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The 2021 Nobel Prize in Medicine: Can this discovery have some derived benefit for Climate Change?

The 2021 Nobel Prize in Medicine is awarded for discoveries of receptors for temperature and touch. Can this discovery have some derived benefit for Climate Change as well?


Figure- Nobel Laureate used capsaicin from chili peppers to identify TRPV1, an ion channel activated by painful heat.


Climate Change is making front page news all over the globe. The Nobel Prize in Physics for 2021 is for research in Climate Change and if we closely analyse the Nobel Prize in Medicine then it also has some connection to climate change. The ground-breaking discoveries of the TRPV1 (newly discovered capsaicin receptor) is the breakthrough that allowed us to understand how differences in temperature can induce electrical signals in the nervous system.


An interdisciplinary approach has always benefited one and all as its basis is, as expressed in this quote by Aristotle, “the whole is more than sum of its parts.” So, how this discovery in medical sciences could have some silver lining on this energy sector where heating and cooling related consumption takes a significant percentage -- the reason could be as mentioned by Nobel Prize Laureates -- our ability to sense heat, cold and touch is essential for survival and supports our interaction with the world around us. In our daily lives we take these sensations for granted but how are nerve impulses initiated so that temperature and pressure can be perceived? This question has been solved by this year’s Nobel Prize laureates.

In the years to come, digitalization in all sectors will exponentially increase demand of cooling which is necessity of data centres which in turn will require more energy. India’s cooling demand is expected to grow 8-10 times in the next 15-20 years leading to increased energy requirements which is unimaginable and needs some action as it will result in more GHG emissions.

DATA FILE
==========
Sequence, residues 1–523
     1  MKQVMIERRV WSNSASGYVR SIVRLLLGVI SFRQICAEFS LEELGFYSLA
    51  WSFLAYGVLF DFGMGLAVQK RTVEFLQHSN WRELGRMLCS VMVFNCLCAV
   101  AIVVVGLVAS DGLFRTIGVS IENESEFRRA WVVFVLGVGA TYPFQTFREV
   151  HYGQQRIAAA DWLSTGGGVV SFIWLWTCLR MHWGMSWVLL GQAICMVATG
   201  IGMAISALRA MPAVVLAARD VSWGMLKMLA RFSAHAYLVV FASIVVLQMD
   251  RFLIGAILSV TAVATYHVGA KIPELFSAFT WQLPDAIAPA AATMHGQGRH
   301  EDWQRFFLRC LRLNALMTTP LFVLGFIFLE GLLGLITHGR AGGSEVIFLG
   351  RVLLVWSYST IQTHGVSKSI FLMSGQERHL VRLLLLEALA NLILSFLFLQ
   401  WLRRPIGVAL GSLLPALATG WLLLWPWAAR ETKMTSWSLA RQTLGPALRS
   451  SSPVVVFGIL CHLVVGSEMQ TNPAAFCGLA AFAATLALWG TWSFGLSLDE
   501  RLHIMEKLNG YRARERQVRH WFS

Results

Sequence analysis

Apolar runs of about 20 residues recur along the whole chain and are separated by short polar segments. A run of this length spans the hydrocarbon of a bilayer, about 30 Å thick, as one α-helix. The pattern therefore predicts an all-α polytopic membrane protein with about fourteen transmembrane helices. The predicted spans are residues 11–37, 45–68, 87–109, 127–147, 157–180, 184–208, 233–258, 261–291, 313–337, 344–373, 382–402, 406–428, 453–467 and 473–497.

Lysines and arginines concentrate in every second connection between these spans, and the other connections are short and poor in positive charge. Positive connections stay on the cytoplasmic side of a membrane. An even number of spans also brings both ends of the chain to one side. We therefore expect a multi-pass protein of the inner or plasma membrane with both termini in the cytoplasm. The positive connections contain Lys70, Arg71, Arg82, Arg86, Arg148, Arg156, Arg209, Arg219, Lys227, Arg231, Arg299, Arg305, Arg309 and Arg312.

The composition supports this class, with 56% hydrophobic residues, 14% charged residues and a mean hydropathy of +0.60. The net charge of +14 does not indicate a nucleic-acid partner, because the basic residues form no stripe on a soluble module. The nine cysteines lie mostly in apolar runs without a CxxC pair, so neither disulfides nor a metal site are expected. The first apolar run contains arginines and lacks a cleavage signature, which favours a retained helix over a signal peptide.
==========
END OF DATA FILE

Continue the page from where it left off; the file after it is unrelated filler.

However, development has to happen and energy efficiency and optimization are the way to go.

As a Nobel laureate has stated, “Knowing how our body senses these changes is fundamental because once we know those molecules, they can be targeted. It’s like finding a lock, and now we know the precise keys that will be necessary to unlock it.”

Medical science can help us understand that a thermoreceptor, which is a non-specialised sense receptor, that codes absolute and relative changes in temperature. If a good interdisciplinary approach between medical sciences and engineering is applied this research can help us also assess need for cooling and then build policies around that which at present is more observation based (empirical) and takes into account impact of indoor environment on human perception of thermal comfort - both physiologically and psychologically except the adaptive thermal comfort which started to look at how our physiological responses may be conditioned by our repeated and long exposure to outdoor environment. This can allow technology companies and building designers to have wider thermal comfort bands to work with. Climates that are likely to be 2-4ºC warmer than what we have experienced as humans. It will be a matter of survival for the humans. Heat stress related research will have to become multi-disciplinary and must benefit all.


Pankaj K. Gupta

CEO

ZSES



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